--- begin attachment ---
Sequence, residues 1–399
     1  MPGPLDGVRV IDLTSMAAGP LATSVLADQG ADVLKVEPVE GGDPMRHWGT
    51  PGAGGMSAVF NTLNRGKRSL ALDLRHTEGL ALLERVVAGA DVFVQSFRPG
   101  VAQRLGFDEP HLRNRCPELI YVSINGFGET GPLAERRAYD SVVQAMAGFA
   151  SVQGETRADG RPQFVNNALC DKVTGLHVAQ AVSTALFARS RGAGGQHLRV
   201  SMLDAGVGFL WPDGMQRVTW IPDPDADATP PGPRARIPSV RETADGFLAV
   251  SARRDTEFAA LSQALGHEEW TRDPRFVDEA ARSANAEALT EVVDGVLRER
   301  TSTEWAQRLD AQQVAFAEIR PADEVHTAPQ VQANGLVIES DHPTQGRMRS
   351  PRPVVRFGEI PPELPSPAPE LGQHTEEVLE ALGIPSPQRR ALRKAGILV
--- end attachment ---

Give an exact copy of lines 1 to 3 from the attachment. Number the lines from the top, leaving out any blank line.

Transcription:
Sequence, residues 1–399
     1  MPGPLDGVRV IDLTSMAAGP LATSVLADQG ADVLKVEPVE GGDPMRHWGT
    51  PGAGGMSAVF NTLNRGKRSL ALDLRHTEGL ALLERVVAGA DVFVQSFRPG